Monday, April 13, 2015

Aluminum batteries might find application in hybrids and FCVs

New publications about battery breakthroughs appear regularly in the media. In practice however not much has changed in the field of battery technology in the last few years. Recently Stanford University came up with a new story.

This time the story is about the aluminum-ion battery. Stanford has developed such a battery that they present as very promising. Of course they are looking for investors to help further develop this technology into actual products.

The main difference with the commonly used lithium-ion battery is the use of aluminum instead of lithium.

Aluminum offers a number of advantages compared to lithium. Aluminum does not cause a fire hazard in case of incidents. Another important advantage is the shorter charge time: Stanford has succeeded in charging the battery in only a minute. Finally the battery has a much longer life time than lithium batteries. Standford's battery could withstand 7,500 cycles without capacity decay, where a typical lithium battery lasts about 1,000 cycles. Finally aluminum is also cheaper than lithium.

The major disadvantage of the aluminum is the lower voltage, about half the voltage of a lithium battery. That also leads to lower battery energy density. In other words: more batteries are needed to store the same amount of energy. That is a key disadvantage which disqualifies this battery for most of the popular applications of lithium batteries, such as mobile devices and electric vehicles.

Still there are applications where the advantages of this aluminum battery seem more important than the disadvantage. Stanford suggests using this battery for storage of excess electricity from sustainable energy sources such as wind and solar. In such a stationary application the size of the battery stack is much less relevant and life time is more crucial.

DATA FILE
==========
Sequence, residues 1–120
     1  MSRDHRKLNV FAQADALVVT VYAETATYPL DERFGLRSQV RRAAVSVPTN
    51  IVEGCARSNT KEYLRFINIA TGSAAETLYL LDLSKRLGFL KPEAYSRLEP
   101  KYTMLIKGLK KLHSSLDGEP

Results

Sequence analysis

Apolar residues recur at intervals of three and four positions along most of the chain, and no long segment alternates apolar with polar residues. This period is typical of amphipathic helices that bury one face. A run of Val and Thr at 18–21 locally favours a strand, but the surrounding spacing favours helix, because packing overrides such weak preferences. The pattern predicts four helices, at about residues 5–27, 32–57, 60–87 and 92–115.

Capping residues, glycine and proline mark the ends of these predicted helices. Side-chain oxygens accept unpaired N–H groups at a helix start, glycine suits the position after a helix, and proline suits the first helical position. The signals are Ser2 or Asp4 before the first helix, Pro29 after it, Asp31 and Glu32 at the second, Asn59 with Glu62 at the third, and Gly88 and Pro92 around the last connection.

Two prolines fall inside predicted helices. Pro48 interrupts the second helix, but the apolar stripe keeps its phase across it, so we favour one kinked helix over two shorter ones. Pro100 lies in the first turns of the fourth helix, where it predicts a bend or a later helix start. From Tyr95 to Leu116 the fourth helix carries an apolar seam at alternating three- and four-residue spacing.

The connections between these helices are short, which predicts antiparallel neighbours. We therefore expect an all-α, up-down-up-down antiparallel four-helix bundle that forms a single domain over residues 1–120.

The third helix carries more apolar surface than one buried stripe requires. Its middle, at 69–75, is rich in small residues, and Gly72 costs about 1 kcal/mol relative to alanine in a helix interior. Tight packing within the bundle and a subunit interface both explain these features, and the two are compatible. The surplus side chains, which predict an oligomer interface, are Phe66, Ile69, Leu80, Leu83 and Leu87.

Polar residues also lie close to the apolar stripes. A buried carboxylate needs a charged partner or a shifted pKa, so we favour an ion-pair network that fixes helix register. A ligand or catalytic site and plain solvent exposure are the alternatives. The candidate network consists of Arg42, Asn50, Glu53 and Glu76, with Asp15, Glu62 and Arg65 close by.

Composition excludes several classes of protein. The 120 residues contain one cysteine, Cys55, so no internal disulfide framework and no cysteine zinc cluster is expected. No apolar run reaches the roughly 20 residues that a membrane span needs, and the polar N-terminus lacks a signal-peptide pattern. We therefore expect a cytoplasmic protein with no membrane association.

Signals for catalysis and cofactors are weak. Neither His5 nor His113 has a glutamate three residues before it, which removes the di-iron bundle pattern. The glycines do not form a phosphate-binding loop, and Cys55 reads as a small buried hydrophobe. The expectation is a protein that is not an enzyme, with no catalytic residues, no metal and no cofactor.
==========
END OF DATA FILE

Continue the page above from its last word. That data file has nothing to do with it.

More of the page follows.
Hybrid vehicles
Although aluminum seems unsuitable for electric vehicles and plug-in hybrids, I do see opportunities for vehicle applications. Hybrid vehicles without a plug such as the Toyota Prius have a relatively small battery which can be charged and uncharged multiple times during a single trip. And it is crucial that the battery can be charged quickly as this is needed to store breaking energy. The life time of lithium batteries in hybrid vehicles is a major bottleneck. In Toyota's hybrid synergy drive system the potential capacity of the batteries is only used for a small amount in order to extend battery life. In Honda's IMA (Integrated Motor Assist) system it is even worse. Battery failure is one of the main reasons why the IMA system is unsuccessful on the market. Aluminum batteries might offer new opportunities for such hybrid systems.

Fuel Cell Vehicles 
Another type of vehicles that might see use of this type of batteries is the Fuel Cell Vehicle. FCVs are in fact hybrid vehicles which use a lithium-ion battery to store energy which can be used to improve response to the gas pedal. The battery is charged from breaking energy or when you let go of the gas pedal because the fuel cell doesn't stop producing power immediately. Just like ordinary hybrid vehicles, FCVs have relatively small capacity batteries that are typically charged and uncharged multiple times during a single trip.

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